Former Wyoming mayor to seek U.S. House seat

DOVER — Former Wyoming Mayor Hans Reigle said Wednesday he will run for the U.S. House of Representatives next year as a Republican.

Hans Reigle

Hans Reigle

He held a seat on town council from 2002-04 and then was elected mayor in 2005, a position he held until 2007.

Mr. Reigle joined the Air Force Reserve at age 18 and later became an instructor at Dover Air Force Base. He retired from the Air Force in 2002. He currently serves as assistant director of the aviation program at Delaware State University and as the University Aviation Association Representative on the Aviation Rulemaking Advisory Committee Airman Certification Working Group in Washington, D.C.

“Washington is frozen in endless gridlock while thousands of Delaware families struggle to make ends meet,” Mr. Reigle said in a statement. “The same people keep being sent back to Congress as we sink further into debt, increased taxes and lower standard of living.

“If the Washington culture is ever going to change, we have to aim higher and change the people we send there.”

According to his website, Mr. Reigle supports reducing government regulations on business, cutting federal spending by 2 percent and halting illegal immigration. He has the backing of the local Republican organization. “His career is one of accomplishment in positions of leadership and trust with other people’s property and lives,” Kent County Republican Chairman Hank McCann said in a statement.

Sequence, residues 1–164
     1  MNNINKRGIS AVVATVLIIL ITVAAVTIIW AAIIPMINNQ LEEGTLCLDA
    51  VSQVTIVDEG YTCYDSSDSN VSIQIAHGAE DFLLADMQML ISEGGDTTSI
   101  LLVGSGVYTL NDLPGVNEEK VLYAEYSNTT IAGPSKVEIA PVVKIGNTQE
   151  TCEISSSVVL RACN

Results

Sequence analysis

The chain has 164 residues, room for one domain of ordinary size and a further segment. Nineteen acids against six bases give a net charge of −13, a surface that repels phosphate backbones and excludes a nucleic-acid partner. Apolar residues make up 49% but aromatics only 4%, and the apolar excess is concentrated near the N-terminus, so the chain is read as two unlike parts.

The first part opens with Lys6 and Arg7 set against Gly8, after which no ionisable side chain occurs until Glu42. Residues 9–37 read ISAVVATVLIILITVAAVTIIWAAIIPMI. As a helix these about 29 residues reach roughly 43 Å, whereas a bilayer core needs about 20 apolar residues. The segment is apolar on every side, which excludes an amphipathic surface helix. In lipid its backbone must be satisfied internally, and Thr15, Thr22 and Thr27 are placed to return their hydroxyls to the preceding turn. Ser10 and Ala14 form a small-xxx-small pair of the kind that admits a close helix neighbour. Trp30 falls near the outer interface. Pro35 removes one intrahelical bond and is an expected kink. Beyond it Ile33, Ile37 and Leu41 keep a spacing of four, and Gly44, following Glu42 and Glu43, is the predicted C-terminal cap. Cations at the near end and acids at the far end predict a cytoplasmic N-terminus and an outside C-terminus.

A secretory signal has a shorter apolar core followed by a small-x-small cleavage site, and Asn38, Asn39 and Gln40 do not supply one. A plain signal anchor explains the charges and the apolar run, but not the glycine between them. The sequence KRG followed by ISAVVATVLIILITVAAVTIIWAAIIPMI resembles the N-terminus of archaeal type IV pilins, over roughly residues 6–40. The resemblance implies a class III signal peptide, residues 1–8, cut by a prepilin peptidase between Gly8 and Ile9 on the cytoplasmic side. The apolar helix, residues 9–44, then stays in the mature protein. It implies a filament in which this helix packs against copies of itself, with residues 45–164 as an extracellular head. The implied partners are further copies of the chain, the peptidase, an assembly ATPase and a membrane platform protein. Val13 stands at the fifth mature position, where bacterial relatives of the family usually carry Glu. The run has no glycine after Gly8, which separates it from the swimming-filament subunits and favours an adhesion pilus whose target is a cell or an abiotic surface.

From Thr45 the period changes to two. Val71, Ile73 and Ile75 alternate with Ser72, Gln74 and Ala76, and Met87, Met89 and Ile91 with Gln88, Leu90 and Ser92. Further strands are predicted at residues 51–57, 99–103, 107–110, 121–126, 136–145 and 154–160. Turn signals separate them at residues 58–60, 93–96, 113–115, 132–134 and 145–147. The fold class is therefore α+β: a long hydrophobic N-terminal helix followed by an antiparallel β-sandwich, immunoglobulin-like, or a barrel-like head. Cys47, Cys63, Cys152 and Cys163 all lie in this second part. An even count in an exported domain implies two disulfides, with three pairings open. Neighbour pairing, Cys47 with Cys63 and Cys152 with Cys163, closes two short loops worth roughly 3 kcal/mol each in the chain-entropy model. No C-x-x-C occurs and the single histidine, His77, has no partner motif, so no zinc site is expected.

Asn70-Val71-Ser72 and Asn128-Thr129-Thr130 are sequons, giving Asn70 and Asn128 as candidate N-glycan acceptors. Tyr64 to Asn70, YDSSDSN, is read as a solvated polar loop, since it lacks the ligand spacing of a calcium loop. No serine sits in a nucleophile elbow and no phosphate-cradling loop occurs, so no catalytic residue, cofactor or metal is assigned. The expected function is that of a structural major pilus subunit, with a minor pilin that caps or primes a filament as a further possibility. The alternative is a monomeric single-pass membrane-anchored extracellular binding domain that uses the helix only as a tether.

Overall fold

Delaware’s lone seat in the House of Representatives is held by John C. Carney Jr., a Democrat elected to his third term in November. He garnered about 59 percent of the vote last year.

Although Rep. Carney has not commented on his future, some observers have speculated he may forgo a run at another term in the House to campaign for governor, an office he ran for in 2008, losing the primary election to Jack Markell.

John Fluharty, executive director of the Delaware Republican Party, said in February he does not expect Rep. Carney to shoot for a fourth term in Washington.

Candidates cannot officially file until early 2016.

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